Boeing Names New Head of Commercial Airplanes

Jim Albaugh will succeed Scott Carson

Boeing on August 31 named a new head of its troubled commercial aviation division, plagued by the much-delayed 787 Dreamliner program. Jim Albaugh, head of the company's defense unit, would succeed Scott Carson at the helm of Boeing Commercial Airplanes (BCA).

Albaugh, 59, is president and CEO of Boeing Integrated Defense Systems.

Boeing named Dennis Muilenburg, 45, to succeed Albaugh at the head of the defense systems unit. Muilenburg is president of the unit's Global Services & Support unit.

Carson, 63, who has been the president and chief executive of Boeing Commercial Airplanes since 2006, will retire at the end of the year. "Jim is a seasoned and effective aerospace executive with substantial experience leading and integrating technically complex businesses and programs from initial development through full production and delivery," Boeing CEO Jim McNerney said.

"His program management and engineering focus will help ensure the success of BCA's key development and production programs," McNerney said.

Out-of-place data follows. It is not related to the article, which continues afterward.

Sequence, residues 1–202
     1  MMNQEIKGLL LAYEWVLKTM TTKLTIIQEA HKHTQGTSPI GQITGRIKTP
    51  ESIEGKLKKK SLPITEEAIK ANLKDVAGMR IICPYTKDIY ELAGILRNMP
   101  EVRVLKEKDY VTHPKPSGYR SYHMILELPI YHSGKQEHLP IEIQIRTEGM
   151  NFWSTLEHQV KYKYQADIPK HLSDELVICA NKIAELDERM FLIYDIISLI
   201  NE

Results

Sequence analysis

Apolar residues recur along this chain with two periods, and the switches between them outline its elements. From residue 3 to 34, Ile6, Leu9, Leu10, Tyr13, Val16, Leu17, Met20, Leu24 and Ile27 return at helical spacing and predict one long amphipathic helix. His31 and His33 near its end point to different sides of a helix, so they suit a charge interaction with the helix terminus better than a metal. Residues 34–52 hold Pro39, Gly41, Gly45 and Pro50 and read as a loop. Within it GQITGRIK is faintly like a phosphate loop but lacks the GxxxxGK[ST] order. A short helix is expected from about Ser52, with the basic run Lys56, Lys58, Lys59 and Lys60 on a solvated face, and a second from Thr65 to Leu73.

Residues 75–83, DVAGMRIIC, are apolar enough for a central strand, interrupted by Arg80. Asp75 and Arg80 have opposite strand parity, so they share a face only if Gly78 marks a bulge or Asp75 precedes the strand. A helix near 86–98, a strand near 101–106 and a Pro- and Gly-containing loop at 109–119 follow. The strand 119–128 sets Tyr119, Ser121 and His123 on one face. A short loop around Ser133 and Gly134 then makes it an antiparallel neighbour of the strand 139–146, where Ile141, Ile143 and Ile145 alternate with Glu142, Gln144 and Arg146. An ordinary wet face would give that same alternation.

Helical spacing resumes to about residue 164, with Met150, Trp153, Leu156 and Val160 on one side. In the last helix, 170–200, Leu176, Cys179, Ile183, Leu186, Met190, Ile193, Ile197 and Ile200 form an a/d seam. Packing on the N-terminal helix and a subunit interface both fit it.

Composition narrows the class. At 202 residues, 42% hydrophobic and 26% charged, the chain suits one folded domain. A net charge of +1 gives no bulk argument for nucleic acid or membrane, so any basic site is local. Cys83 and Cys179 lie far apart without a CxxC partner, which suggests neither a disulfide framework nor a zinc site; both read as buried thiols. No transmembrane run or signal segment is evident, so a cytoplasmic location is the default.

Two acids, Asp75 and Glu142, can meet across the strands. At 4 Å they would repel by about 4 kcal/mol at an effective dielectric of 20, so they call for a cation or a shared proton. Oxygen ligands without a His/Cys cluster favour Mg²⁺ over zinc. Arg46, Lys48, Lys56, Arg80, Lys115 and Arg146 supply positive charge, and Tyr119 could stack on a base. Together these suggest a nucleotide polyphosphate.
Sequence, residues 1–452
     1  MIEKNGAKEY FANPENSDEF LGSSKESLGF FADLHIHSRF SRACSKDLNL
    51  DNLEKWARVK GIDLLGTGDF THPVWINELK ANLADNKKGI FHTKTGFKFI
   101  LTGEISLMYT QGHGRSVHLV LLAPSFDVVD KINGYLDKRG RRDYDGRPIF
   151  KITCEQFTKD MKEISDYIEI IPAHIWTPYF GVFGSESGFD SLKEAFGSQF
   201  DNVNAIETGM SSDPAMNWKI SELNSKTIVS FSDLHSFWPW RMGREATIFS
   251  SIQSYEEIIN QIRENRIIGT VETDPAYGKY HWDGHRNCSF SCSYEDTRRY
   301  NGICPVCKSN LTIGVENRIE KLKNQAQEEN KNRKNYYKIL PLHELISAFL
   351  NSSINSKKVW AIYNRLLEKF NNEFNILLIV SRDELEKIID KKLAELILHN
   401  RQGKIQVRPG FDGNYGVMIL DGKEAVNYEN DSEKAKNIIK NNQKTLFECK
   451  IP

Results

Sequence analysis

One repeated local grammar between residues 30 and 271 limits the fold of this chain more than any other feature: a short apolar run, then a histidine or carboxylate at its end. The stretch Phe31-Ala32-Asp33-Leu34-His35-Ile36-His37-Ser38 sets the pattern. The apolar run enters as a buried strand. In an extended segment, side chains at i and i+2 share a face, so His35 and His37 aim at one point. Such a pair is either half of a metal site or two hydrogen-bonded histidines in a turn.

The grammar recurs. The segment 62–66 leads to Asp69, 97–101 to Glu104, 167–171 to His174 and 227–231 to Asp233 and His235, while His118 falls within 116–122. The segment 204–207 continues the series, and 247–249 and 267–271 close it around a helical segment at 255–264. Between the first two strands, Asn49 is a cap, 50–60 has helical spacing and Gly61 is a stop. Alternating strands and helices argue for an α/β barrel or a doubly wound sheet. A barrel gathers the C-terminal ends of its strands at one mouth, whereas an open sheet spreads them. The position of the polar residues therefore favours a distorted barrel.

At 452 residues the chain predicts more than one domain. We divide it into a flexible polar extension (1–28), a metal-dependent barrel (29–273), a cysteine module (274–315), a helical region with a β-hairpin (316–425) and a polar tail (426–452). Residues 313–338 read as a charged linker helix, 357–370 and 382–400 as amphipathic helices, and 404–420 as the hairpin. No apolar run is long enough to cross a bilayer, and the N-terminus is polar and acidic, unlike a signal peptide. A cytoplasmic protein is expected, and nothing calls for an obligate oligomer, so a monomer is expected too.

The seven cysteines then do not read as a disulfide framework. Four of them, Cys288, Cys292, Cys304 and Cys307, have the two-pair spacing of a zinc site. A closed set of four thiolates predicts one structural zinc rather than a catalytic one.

The initial activities of Albaugh, a 34-year Boeing veteran, will center on "getting the team going" and "focusing on some customer-related activities," McNerney said.

McNerney said that Carson had chosen to announce his retirement at this time after Boeing last week unveiled a new schedule for the fuel-efficient 787's first test flight and first delivery. "We've set a new course," he added.

"The Boeing board of directors and I appreciate Scott's long record of accomplishment across many disciplines, functions and businesses, and the enduring contributions he has made to Boeing through 38 years of service," said McNerney.

Carson will be working on a transition with Albaugh and on special projects until his retirement, the company said.

The management shuffle came after Boeing announced on August 27 its 787 Dreamliner airplane will be delivered to Japanese launch customer All Nippon Airways in late 2010.

Boeing launched the Dreamliner program in April 2004 and initially had planned to deliver the first airplane to ANA in the first half of 2008. Boeing said the new schedule reflected a previously announced need to reinforce an area within the side-of-body section of the aircraft and an additional several weeks needed to reduce flight test and certification risk.

ANA and Australia's Qantas, another 787 customer, both expressed frustration at the latest delay in a calendar that has been pushed back five times.

The highly anticipated long-haul 787 aircraft is seen as key to the company's future. The company says it will use 20% less fuel than today's airplanes of comparable size.

Copyright Agence France-Presse, 2009

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